Driver's mental health was deteriorating before L.A. crash that killed 5, prosecutors say

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Nicole Linton appears in Los Angeles Superior Court for arraignment on murder charges stemming from a traffic accident, Monday, Aug. 8, 2022, in Los Angeles. Linton, suspected of causing a fiery crash that killed five people and an 8 1/2-month-old fetus near Los Angeles, has been charged with murder, as well as vehicular manslaughter, and is being held on $9 million bail. (Frederick M. Brown/Daily via AP, Pool)
Nicole Lorraine Linton appears in Los Angeles County Superior Court. (Frederick M. Brown / Pool Photo)

The traveling nurse accused of causing a fiery Windsor Hills crash that killed five people was suffering from worsening mental health issues, had hurt herself before and had been involuntarily committed for psychiatric treatment multiple times, prosecutors said Monday.

In a filing opposing the pretrial release of Nicole Lorraine Linton, who faces murder and manslaughter charges in connection with the Aug. 4 crash, L.A. County Deputy Dist. Atty. Brittany Vannoy said many of the issues were shared with prosecutors by the defense team.

"The defense has disclosed a number of prior incidents which appear to be increasing in severity, ranging from the defendant jumping on police cars to jumping out of apartment windows," Vannoy wrote. "The defense indicates [Linton] has been subject to involuntary commitments on several occasions and has hurt herself more than once."

Vannoy argued that Linton's mental health issues, her reckless driving in the case, and her ties to people out of state and out of the country mean she should be held without bail pretrial. Linton's mother lives in Jamaica, the prosecutor said.

"The defendant’s extremely reckless conduct combined with her mental health struggles that have escalated to the point of taking the lives of six individuals and harming seven more clearly comport with the exceptions for detention without bail under the California Constitution," Vannoy wrote.

The filing did not mention previous car crashes linked to Linton, which prosecutors were said to be reviewing when they filed charges in the Windsor Hills incident.

Attorneys for the nurse, who had been working at Kaiser Permanente's West Los Angeles Medical Center, could not immediately be reached for comment on Linton's mental health history but earlier Monday denied that she has an extensive history of car accidents.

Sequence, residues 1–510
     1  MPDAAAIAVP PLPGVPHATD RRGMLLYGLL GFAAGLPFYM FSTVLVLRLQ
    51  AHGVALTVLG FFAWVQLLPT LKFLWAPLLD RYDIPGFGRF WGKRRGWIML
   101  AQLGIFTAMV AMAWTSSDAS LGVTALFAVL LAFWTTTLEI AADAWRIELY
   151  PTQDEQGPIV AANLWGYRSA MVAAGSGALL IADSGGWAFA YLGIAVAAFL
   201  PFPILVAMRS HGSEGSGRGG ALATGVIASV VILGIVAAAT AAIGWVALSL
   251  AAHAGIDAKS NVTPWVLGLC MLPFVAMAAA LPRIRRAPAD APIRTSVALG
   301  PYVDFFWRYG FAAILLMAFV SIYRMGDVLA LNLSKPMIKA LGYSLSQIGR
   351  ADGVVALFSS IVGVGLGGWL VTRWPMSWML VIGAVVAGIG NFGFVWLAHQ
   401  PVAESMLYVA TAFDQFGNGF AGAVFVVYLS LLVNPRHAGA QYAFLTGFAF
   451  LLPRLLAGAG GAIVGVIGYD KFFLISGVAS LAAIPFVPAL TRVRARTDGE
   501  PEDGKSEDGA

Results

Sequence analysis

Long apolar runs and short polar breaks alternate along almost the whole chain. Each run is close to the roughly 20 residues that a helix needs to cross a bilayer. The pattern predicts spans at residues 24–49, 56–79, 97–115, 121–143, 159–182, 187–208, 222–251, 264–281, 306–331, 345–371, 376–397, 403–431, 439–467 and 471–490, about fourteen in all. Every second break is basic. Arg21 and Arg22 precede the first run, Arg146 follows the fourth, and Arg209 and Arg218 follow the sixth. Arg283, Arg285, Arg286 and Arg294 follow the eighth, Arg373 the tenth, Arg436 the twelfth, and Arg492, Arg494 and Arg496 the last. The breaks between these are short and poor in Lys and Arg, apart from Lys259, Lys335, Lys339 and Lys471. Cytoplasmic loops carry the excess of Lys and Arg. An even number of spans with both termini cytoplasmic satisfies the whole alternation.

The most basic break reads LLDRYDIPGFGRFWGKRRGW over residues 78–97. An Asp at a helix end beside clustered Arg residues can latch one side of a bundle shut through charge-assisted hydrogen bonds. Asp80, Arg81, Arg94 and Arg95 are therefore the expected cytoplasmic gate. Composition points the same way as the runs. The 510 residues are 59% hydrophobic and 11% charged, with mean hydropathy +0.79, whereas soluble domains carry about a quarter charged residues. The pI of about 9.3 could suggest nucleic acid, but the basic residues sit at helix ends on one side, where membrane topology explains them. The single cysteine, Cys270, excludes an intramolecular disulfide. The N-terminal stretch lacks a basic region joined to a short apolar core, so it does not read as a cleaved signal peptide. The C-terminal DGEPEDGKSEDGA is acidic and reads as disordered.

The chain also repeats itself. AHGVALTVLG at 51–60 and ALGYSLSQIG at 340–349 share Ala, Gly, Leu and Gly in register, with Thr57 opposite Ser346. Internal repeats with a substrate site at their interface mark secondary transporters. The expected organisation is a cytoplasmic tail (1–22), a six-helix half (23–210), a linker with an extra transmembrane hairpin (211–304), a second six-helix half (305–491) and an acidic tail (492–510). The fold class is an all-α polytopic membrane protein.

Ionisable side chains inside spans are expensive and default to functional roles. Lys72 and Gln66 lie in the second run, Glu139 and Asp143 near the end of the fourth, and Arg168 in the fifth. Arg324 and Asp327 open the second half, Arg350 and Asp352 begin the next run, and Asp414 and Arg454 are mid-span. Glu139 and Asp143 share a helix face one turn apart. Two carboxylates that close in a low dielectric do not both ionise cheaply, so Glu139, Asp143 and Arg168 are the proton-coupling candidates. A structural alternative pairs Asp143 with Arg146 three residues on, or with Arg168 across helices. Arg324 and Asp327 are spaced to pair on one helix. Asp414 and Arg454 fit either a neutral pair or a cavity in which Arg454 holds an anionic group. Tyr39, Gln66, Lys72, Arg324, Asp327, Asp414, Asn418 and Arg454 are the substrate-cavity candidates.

"It's been reported extensively and it's not true," said Halim Dhanidina, who represents Linton.

"Our initial investigation has demonstrated that that allegation that's been bandied about in the media is patently false," Dhanidina said about the claim that Linton was involved in 13 other crashes before the Windsor Hills one.

Linton was set to have a hearing over her bail Monday, but her attorneys asked a judge to postpone it for two weeks so that they could continue investigating and preparing.

Linton is being held without bail at the Century Regional Detention Center and did not come to court for the brief hearing Monday.

"All things considered, she's trying to keep her chin up and is anxiously awaiting further resolution in court," Dhanidina told The Times outside the courtroom.

Linton is charged with six counts of murder and five counts of manslaughter in the crash. She is accused of driving her Mercedes-Benz around 90 mph down La Brea Avenue toward Slauson Avenue, and then barreling into numerous cars, setting them on fire.

Five people died, including a pregnant woman. Prosecutors levied a murder charge against Linton for the death of the unborn child.

The crash was caught on surveillance video.

Asherey Ryan, 23, was killed along with her boyfriend, Reynold Lester, her 11-month-old child, Alonzo Quintero, and her unborn child. Two women in another car, Nathesia Lewis, 42, and Lynette Noble, 38, were also killed.

The Times was able to find records of at least two crashes that Linton was previously involved in. In 2013, she did not accelerate at a green light in Laredo, Texas, and was rear-ended, according to Texas Department of Transportation data. In 2016, the same thing happened in Houston. She was not at fault in either of those crashes.

She is due back in court Aug. 31.

This story originally appeared in Los Angeles Times.